The Institute of International Finance (IIF) published a report on Thursday (Jan. 4) stating that the global debt soared to a record $233 trillion in the third quarter of 2017. The latest numbers indicate an eight percent, or $16.5 trillion, increase from where the debt stood at the end of 2016. Basically, the main thing you should take away from all of this information is that the entire world's financial struggles just keep collectively getting worse with no signs of improvement.
In addition to a new record global debt, the private non-financial sector debt saw record highs in countries, such as Canada, France, Hong Kong, Korea, Switzerland, and Turkey, and the ratio of debt-to-gross domestic product took a dip for the fourth consecutive quarter. The IIF speculates if an extended period of low-interest rates contributed to the latest findings, and will ultimately lead to the central banks taking preventative measures when it comes to tightening lending conditions.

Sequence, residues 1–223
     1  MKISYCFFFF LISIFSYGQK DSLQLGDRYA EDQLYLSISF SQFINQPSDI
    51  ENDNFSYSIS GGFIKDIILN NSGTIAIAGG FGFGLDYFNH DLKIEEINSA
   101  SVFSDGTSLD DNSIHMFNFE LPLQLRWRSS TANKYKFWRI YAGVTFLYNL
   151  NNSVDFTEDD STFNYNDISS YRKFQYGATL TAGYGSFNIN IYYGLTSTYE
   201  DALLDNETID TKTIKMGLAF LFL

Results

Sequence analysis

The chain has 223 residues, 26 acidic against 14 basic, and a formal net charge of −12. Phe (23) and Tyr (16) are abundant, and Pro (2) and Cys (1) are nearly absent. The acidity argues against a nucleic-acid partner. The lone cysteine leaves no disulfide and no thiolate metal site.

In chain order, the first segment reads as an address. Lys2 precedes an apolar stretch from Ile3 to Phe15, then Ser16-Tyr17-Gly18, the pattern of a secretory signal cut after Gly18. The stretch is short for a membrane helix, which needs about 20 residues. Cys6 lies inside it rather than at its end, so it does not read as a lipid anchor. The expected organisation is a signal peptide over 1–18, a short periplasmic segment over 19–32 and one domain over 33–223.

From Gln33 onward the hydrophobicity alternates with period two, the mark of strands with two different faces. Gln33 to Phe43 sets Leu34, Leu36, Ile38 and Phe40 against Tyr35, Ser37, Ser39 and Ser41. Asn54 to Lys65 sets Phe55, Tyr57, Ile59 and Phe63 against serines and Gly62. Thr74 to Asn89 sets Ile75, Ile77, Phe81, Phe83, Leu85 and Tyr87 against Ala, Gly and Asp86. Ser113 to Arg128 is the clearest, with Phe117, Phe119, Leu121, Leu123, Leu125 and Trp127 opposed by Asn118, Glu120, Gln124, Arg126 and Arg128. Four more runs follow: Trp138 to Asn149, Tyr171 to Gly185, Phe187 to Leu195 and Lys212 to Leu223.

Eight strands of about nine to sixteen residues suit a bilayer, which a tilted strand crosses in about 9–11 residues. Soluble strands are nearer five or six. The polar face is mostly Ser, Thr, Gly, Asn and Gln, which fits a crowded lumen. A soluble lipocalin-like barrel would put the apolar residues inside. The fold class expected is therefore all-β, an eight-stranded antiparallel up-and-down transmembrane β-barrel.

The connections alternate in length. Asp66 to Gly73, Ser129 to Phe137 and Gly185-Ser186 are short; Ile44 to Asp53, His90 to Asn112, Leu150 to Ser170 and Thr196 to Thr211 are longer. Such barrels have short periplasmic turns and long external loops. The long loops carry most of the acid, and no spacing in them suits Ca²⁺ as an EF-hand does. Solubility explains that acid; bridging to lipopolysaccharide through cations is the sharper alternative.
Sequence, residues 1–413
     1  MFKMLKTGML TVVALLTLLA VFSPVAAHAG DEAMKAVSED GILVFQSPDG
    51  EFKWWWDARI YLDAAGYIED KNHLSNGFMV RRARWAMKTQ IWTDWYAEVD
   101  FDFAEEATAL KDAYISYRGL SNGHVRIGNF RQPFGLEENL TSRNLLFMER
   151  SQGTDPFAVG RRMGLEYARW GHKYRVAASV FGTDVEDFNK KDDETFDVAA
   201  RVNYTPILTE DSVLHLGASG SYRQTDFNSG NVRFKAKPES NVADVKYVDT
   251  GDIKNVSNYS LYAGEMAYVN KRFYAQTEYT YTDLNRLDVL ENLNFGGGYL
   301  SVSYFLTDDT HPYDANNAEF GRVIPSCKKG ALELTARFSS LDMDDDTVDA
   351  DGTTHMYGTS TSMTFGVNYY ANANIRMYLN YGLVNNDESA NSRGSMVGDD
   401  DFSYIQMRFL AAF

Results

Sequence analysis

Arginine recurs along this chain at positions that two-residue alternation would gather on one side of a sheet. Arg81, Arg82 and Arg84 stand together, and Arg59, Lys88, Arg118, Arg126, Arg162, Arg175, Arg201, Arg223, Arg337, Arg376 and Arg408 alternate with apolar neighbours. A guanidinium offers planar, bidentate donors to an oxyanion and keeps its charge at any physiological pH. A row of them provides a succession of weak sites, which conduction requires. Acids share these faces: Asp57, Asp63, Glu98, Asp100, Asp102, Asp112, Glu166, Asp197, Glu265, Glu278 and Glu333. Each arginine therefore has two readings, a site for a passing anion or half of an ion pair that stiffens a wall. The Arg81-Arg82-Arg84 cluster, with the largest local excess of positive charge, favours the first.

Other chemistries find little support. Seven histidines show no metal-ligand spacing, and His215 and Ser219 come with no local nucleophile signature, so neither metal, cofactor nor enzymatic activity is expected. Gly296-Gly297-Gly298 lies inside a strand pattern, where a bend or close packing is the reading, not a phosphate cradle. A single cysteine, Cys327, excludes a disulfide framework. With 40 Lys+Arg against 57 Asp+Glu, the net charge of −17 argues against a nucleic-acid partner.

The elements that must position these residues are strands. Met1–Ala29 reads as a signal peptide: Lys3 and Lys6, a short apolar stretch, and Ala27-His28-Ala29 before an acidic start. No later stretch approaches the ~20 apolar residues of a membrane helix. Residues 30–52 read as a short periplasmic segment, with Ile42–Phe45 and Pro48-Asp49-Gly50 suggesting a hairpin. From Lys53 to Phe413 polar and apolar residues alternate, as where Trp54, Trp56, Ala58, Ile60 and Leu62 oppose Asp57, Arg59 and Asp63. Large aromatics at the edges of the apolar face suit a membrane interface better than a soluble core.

"High debt levels could limit the pace and scale of policy tightening, with central banks proceeding cautiously in an effort to support growth," Hung Tran, executive managing director for a group of IIF analysts, wrote in the report.
With a reported global population of 7.6 billion, the United Nations believes the world’s per capita debt stands at more than $30,000.